I don’t know why I’m going to attempt this tonight; part of me thinks I’m too exhausted and emotional to be doing a blog post right now. The other part of me thinks that with my emotions this high the time is perfect. So I guess I’m going with that part of me.
I’ve been home about 2 hours now from this years Citrus Tour. First and foremost, before going any further. A huge, teary and heartfelt thank you so very very much to everyone who has supported me, both in donations and spirit! There are not enough words to express how much this means to me, to my family and to everyone all over living with MS. Every little step of help is like a huge giant leap for those of us living with this disease.
I didn’t ride this year, well, I didn’t ride a bicycle. After struggling to tackle the hills through the Lake Wales ridge the last two years I decided to volunteer this year instead. J joined me and we became SAG (support and gear) drivers; specifically picking that role knowing how short-handed they were for this critical position last year. SAG drivers primary goal is to make sure the riders are ok. So they spend the day driving back and forth, up and down the route checking on the riders, ferrying tired/ill/injured riders forward, supplying additional much-needed hydration, and words of encouragement.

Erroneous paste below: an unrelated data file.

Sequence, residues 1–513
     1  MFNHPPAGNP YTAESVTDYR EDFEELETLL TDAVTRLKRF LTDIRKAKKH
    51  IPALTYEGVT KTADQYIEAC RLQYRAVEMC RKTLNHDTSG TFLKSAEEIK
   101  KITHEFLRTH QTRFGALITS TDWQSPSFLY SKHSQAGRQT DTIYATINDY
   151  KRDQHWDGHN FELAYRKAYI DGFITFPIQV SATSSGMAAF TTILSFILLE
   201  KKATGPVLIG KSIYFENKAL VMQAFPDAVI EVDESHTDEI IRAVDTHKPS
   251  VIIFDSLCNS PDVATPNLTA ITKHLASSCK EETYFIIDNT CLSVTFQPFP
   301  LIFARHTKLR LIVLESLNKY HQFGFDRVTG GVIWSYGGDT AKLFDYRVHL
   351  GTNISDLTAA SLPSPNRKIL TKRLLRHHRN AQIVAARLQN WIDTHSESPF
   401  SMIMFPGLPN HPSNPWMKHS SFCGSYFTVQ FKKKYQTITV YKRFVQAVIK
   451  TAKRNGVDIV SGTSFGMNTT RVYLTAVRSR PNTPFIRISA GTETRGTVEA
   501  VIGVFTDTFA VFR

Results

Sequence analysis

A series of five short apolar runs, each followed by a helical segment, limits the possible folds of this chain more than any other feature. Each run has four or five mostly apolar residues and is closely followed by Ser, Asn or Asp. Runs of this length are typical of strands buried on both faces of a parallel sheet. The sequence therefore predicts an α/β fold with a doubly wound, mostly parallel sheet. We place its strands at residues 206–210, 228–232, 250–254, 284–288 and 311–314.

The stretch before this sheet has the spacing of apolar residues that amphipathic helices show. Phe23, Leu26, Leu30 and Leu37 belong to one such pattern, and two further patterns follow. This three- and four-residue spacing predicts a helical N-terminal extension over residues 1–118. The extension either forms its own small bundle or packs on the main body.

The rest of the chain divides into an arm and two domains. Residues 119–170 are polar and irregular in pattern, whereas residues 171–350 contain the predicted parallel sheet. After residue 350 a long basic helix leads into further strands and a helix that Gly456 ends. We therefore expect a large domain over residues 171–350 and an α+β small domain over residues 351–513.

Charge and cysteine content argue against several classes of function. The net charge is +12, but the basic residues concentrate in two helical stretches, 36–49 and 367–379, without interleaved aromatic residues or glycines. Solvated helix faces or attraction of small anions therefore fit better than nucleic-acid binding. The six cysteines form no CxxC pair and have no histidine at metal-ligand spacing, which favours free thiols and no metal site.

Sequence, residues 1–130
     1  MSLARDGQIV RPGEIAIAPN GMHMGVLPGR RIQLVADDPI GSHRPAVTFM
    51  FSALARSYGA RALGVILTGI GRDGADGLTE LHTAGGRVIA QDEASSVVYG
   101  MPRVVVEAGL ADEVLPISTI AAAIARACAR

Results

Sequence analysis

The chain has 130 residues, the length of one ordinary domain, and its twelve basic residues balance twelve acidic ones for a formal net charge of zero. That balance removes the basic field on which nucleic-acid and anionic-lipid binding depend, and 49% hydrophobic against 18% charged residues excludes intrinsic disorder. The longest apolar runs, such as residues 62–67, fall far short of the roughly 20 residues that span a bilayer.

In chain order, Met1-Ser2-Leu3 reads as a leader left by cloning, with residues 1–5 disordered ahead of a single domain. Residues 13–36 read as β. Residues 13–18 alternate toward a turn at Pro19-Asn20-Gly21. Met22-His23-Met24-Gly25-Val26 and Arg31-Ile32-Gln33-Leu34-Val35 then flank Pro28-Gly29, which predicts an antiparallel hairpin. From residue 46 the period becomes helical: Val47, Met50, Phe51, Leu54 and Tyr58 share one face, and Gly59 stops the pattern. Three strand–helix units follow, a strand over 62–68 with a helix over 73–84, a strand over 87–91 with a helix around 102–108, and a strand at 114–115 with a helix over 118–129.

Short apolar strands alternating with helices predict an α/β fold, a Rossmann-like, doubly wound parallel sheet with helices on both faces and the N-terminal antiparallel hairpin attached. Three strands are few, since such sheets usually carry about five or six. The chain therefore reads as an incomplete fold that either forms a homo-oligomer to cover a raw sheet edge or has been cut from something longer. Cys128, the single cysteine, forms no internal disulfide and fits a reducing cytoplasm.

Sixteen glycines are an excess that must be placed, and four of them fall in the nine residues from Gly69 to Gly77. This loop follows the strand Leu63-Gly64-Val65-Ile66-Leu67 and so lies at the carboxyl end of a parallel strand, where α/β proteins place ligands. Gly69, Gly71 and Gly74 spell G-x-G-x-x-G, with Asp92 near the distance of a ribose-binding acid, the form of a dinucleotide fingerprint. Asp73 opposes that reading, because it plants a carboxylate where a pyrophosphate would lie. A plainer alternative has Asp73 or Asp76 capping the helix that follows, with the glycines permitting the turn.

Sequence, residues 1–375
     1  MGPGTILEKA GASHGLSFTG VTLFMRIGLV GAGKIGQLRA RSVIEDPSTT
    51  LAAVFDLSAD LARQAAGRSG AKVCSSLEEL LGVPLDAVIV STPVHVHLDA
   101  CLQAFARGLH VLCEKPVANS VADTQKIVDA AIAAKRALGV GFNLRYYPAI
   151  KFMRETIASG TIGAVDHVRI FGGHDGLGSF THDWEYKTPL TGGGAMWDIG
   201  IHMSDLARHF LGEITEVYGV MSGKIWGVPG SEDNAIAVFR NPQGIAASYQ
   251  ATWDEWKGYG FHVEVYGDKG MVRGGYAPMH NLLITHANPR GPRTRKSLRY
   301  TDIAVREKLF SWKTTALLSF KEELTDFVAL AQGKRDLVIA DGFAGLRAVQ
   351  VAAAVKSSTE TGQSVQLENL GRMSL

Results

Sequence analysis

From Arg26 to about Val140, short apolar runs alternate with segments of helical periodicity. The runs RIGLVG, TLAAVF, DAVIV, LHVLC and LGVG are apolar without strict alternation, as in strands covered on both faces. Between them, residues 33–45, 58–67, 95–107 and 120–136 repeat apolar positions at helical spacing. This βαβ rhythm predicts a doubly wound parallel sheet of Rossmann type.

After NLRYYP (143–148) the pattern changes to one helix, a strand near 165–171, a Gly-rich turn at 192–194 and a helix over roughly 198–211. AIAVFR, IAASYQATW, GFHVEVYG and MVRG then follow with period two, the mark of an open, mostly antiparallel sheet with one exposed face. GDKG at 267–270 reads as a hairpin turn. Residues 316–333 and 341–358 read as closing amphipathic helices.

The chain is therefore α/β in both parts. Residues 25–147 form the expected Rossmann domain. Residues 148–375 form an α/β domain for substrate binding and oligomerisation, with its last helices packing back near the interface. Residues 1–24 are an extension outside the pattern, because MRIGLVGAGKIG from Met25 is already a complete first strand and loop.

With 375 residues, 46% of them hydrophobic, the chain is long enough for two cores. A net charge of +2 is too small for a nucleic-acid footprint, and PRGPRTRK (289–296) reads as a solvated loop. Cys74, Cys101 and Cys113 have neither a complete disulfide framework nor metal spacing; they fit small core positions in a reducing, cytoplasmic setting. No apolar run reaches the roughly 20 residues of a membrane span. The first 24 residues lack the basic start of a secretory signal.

My weekend of volunteering began Friday afternoon when I headed with Mom and Dad to pick up two of the donated loaner trucks from Greenway Ford in Orlando. For the past several years they have every so graciously provided use of pick up trucks for SAG and HAM radio SAG drivers to use. We got those down to Bok Tower, the beginning and end of the ride and immediately got to work. The site needed to be set up and ready for the 1300+ cyclists that were going to descend on the area the next morning. We set up the tent area for the SAG drivers to meet and load up their coolers. Then we helped set up the VIB signs (very important banana, those who raised over $1,000 in donations) and then headed over and spent the next two or more hours helping riders to get their packets, instructing them on the documents inside and wishing them well for the ride.
Saturday began at 4:30!!! Yes, that is AM, although it felt like the middle of the night. We had a SAG driver meeting at 5:30, had to load up our coolers with ice and water and most of the drivers had to be out on the route before the official start time of 7am. J and I were scheduled to work the first leg of the 75 mile route (yes, you read that right, 75 miles) and were the last SAG vehicle out of the start. I liked that, it meant I got to cheer on the riders leaving and we got roped into helping keep the mass exodus a bit more orderly.
I won’t bore you with all the details of the weekend. There was a lot of back and forth, “Are you ok? Need a ride, need some water/etc” going on. And making sure our riders were safe, especially on Poinciana Ave (Blvd? St? whatever!) on the way to the Caribe Royale, Saturday’s stop point. Please, everyone reading this, PLEASE read this request! When you are driving, please remember that in most states a bicycle is considered a vehicle and is legally required to be on the road with you. PLEASE be careful of any bicyclists you see. Please remember that they may not have a bike lane, or a shoulder and for some bikes it may not be safe for them to go onto loose gravel/sand/grass. I ask you this because sadly driver’s seemed to be impatient/callous regarding our riders.